Indiana provides parties involved in legal disputes, whether it be criminal or civil in nature, with the opportunity to appeal the outcome of the case, albeit, with some exceptions. While the right to appeal is a cherished tradition, it can also cause headaches due to the extremely technical nature of the appellate process. This can leave many with a multitude of questions and concerns, which is normal, but some of those concerns may be able to be relieved by having a better understanding of the appellate process. In this blog, we look at general grounds for dismissal of an appeal, and what happens after an appeal is dismissed.
In Indiana, there are several grounds for dismissing an appeal. For example, the Indiana Rules of Appellate Procedure provide that an appeal may be dismissed for failure to ensure the record and transcript are completed or due to failure to ensure that notice of completion was provided.1 Additionally, an appeal may be dismissed for failure to substantially comply with the appellate rules. However, it is important to note that the appellate courts strongly prefer to decide a case on the merits, and therefore, typically shy away from dismissing cases on technicalities.
Aside from issues of jurisdiction, typically, matters not going to the merits must usually be raised by a motion to dismiss. A motion to dismiss can be filed by either the Appellant (the filing party) or the Appellee (the responding party). Pursuant to the rules of appellate procedure, an appellant has the ability to file a motion to seek what is known as a voluntary dismissal. Conversely, the appellate rules provide that an appellee has the ability to file a motion to seek what is known as an involuntary dismissal.
When an appeal is dismissed, the judgment of the lower court stands, and the appellate court has no authority to order the trial court to correct its judgment. Generally, when an appeal is dismissed, it is dismissed with prejudice. This means that the case is permanently dismissed and finalized. However, in some circumstances, a case may be dismissed without prejudice. The most common example is when a case is dismissed and remanded to the trial court for further proceedings. If an appeal is dismissed without prejudice, the case is not permanently dismissed and therefore can be appealed at a later time.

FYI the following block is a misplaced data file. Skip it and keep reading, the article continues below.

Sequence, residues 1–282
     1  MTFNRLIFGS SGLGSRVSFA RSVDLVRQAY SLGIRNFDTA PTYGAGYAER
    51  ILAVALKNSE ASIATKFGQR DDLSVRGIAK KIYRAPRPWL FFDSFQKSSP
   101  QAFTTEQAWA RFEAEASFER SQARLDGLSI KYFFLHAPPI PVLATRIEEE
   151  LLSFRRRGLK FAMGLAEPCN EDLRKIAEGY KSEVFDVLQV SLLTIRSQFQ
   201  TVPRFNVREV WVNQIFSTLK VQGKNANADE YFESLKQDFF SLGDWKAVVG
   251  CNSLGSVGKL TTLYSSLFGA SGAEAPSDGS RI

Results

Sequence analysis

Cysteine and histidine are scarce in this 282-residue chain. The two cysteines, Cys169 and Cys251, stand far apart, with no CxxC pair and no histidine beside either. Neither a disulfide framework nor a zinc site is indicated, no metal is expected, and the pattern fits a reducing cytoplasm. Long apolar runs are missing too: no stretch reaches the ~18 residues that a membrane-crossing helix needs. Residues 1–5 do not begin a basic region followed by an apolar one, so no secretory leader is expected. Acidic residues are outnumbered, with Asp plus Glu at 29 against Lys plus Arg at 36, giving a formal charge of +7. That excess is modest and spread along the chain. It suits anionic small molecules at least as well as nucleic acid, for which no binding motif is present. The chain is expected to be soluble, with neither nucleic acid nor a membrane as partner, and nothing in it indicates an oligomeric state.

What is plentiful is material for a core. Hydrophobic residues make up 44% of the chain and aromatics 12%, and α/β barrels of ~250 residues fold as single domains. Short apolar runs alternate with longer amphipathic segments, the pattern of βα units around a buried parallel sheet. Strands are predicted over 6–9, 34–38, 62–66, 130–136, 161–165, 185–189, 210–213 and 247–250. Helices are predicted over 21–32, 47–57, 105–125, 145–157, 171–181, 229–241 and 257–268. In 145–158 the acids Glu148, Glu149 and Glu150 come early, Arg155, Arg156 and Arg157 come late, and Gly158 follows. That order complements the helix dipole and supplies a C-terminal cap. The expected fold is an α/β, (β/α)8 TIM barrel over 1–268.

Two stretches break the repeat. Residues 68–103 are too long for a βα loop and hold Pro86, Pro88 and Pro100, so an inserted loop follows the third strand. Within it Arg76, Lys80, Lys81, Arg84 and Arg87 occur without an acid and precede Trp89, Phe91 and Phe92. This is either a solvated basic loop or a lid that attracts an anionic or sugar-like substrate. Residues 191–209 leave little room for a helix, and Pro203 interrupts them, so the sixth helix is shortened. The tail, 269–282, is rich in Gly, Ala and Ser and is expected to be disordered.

It is important to note that the above information is general in nature, and know that there are exceptions to almost every rule. Appeals are complex matters, oftentimes turning on the specific facts of each case. This area of practice is extremely technical, and obtaining skilled counsel is often key to navigating the complex waters of appeals. This blog post was written by attorneys at Ciyou & Dixon, P.C. who handle all types of appeals, be it civil or criminal, throughout Indiana. This blog is intended for general educational purposes only. It is not intended as legal advice or a solicitation for services. It is an advertisement.